There are at least 3 differences with A-Rod’s case than there were with others, which justifies whatever he gets. First, if there IS evidence he used PEDs (even if he didn’t test positive), this is a repeat offense. Second, if the reports are true, he recruited others to the clinic (encouraging others to violate MLB rules). Finally, and perhaps most serious, and again IF the reports are true, he tried to buy the records from Biogenesis so they could be destroyed – basically, obstructing investigations. Finally, it’s worth noting that while Ryan Braun only got a 65 game suspension, he ACCEPTED his punishment without trying to fight it. A-Rod has been very vocal about fighting it to the end.

    • churchoftheperpetuallyoutraged - Aug 1, 2013 at 11:35 AM

      You know your first point is wrong right? That this is his second violation. The failed test in ’03 wasn’t against the CBA/JDA because there was no JDA at that point.

      To your third point, how is that a violation of anything? First we have to prove he tried to do that, and with this evidence list of scumbags, that’s not going ot be easy. Second, everyone gets rid of evidence of their drug use. Couldn’t you argue that throwing away the needles after injecting yourself is “destroying evidence”?

  19. mtr75 - Aug 1, 2013 at 10:43 AM

    This whole A-Rod thing is beyond ridiculous. He didn’t do anything worse than anyone else. This is all about Selig trying to make everyone forget that say there and cheered his way through the steroid era just like the rest of us did. He’s trying to wash a few things off his obituary when it comes. Nice try, Bud, but you’re just a cheap suit. You’ve done nothing to help clean up the game. This is all about you and saving face.

    And for the record, I’m a Mets fan (who would admit that) and I couldn’t give a crap less about A-Rod if I tried.

  20. mtr75 - Aug 1, 2013 at 10:46 AM

    Oh paperlions, spare me the self-righteous nonsense. “He used because he’s stupid.” He’s got $500,000,000 says he wasn’t stupid. Don’t sit here and tell me you wouldn’t have done the exact. Same. Thing. Give me the roads, give me a few hundred million, smear my name, call me a liar and a cheat. I’ll be at one of my dozen mansions if you need to reach me.

    • paperlions - Aug 1, 2013 at 11:25 AM

      No, he doesn’t. He has $500,000,000 that says he was very talented at baseball. There is no evidence whatsoever that any of his PED use helped his performance.

    • paperlions - Aug 1, 2013 at 11:26 AM

      ….and there is nothing self righteous in what I wrote.

      • historiophiliac - Aug 1, 2013 at 2:52 PM

        I love how other people use their moral positions to argue with others — who may or may not share that ethical stance. You’re full of it because *I* would do it. lol

      • paperlions - Aug 1, 2013 at 3:31 PM

        Yeah, people are awesome, and consistent, and superior, and smart, and also…none of those things.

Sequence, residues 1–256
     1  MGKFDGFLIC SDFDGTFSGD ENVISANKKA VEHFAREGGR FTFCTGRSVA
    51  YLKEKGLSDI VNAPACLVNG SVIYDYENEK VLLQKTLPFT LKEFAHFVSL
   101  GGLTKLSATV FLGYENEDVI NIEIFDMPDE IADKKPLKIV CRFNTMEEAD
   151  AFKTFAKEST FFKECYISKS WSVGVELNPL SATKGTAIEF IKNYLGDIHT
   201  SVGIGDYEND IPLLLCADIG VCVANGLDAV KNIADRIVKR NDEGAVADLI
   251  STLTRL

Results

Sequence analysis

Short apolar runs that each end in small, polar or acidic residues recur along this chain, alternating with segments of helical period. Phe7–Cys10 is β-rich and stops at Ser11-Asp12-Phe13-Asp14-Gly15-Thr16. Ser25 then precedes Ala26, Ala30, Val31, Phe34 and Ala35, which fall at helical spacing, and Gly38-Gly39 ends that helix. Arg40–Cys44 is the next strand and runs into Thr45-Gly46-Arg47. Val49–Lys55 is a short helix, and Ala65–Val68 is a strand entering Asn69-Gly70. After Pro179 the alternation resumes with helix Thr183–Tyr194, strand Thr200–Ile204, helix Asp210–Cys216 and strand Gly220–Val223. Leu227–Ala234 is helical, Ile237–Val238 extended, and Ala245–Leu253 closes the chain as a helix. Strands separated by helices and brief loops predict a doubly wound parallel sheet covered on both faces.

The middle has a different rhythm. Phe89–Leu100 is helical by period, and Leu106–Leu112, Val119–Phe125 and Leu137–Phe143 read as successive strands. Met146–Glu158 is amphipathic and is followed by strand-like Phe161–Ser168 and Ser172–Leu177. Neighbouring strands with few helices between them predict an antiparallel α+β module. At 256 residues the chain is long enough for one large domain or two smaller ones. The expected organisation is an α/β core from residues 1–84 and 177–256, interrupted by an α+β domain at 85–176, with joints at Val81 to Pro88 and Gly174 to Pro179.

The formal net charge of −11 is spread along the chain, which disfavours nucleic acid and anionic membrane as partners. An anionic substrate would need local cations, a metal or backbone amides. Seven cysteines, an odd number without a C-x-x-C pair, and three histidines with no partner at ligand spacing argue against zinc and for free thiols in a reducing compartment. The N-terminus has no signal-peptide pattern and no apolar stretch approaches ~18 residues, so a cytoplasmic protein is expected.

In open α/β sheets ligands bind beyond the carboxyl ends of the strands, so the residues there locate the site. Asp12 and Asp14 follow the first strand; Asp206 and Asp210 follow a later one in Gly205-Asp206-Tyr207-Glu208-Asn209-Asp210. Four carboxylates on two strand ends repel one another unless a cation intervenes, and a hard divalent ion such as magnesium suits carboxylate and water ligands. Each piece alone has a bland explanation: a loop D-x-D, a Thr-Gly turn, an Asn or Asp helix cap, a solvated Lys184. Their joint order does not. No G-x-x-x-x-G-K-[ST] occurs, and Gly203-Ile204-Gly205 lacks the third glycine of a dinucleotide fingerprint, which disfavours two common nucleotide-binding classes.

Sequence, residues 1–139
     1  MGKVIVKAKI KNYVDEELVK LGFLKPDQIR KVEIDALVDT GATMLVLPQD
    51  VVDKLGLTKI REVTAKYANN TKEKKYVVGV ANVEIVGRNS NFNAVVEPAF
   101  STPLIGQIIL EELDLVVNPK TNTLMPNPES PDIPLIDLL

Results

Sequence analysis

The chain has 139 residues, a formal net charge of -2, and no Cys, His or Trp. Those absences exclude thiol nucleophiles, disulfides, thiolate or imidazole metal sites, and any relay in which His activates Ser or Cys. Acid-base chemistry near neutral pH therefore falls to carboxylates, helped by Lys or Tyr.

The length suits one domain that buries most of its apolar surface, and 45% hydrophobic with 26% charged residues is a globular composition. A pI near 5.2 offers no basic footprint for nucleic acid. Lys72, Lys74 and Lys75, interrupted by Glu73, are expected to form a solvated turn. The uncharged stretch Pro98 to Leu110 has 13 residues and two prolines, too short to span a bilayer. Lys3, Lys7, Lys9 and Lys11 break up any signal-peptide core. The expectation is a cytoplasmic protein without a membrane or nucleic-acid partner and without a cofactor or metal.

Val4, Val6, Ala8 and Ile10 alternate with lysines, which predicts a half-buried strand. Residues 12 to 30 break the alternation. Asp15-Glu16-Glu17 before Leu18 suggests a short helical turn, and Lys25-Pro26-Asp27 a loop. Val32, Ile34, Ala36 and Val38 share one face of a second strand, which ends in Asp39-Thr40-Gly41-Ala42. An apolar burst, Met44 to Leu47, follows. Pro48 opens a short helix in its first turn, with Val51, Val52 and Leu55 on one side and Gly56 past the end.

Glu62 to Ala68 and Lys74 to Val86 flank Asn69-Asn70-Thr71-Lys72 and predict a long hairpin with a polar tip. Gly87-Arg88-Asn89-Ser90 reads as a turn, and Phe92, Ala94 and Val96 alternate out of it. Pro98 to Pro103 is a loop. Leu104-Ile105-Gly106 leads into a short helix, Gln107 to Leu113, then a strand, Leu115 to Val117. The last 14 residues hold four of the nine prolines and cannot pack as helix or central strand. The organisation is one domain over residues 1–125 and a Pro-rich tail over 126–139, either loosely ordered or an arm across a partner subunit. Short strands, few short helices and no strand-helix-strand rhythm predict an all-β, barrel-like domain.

• historiophiliac - Aug 1, 2013 at 3:46 PM

        Oh, you know you love people.

  21. tjg25 - Aug 1, 2013 at 11:00 AM

    It is an indictment of the player’s union though. What a joke.

    • clemente2 - Aug 1, 2013 at 12:10 PM

      I do not think we know yet. The union is probably under pressure from a majority of players now to let the punishments go forward. Seems to me Braun and the others, especially the one who by rumor will get no punishment on the grounds they paid already, are getting off fairly easy, so maybe the union had something to do with that. And with A-Rod, maybe the union has been trying to help, has told him what it will do if the punishmnent goes certain ways, and then been asked by A-Rod to let him negotiate. I expect if he got a lifetime ban, the union would be all over it.

      So, we do not know.

  22. jfk69 - Aug 1, 2013 at 12:06 PM

    Bud Selig finally atones for getting caught in 300 million dollar baseball owners collusion case. Arod likes to think he is rich and it will be different. This the USA Arod…and there is always someone richer with an axe to grind.

    • churchoftheperpetuallyoutraged - Aug 1, 2013 at 2:13 PM

      Bud Selig finally atones for getting caught in 300 million dollar baseball owners collusion case.

      Wait what? A group of owners violates federal law and a player getting busted for PEDs atones for that?

  23. wjarvis - Aug 1, 2013 at 12:56 PM

    Everyone says you can’t test players everyday, but in reality it’s not that hard to test players on most days if the league was committed to it. The harder part would be to get the players union to agree to allow it. For every team to devote space for a lab, buy equipment and hire the techs is not that expensive when you consider how much players are getting paid and teams are making.

  24. shipdog7 - Aug 1, 2013 at 3:20 PM

    The Yankees handling of A-Rod is and was pretty slick. As long as he is rehabbing the Yankees collect from an insurance policy against him. They know he won’t be effective coming back after the long layoff. Why rush him when an insurance company is paying his salary? So they waited until MLB suspended him or banned him.

  25. 1pt12era1968 - Aug 1, 2013 at 8:42 PM

    ” If the pee-collection schedule worked out differently in the past year, we’d be having a very different conversation about A-Rod and drugs and stuff.”

    Oh, I don’t know about that, Mr. Calcaterra. How about THIS instead: If A-Rod had STOPPED using PEDs in 2003 when he SAID he did; or, if he had never used PEDs in the first place, as he had claimed on MANY instances before he got busted – THEN we would be having a very different conversation about A-Rod today. A-Rod CHOSE to use PEDs from the very early stages of his career and CONTINUED to use PEDs throughout his career – even after being busted. THAT is why we’re having this conversation about A-Rod. That A-Rod has perpetually LIED about it with the queasy élan of the best of sociopaths – and continues to do so – carries significant reason WHY he is so REVILED. Beginning and end of story.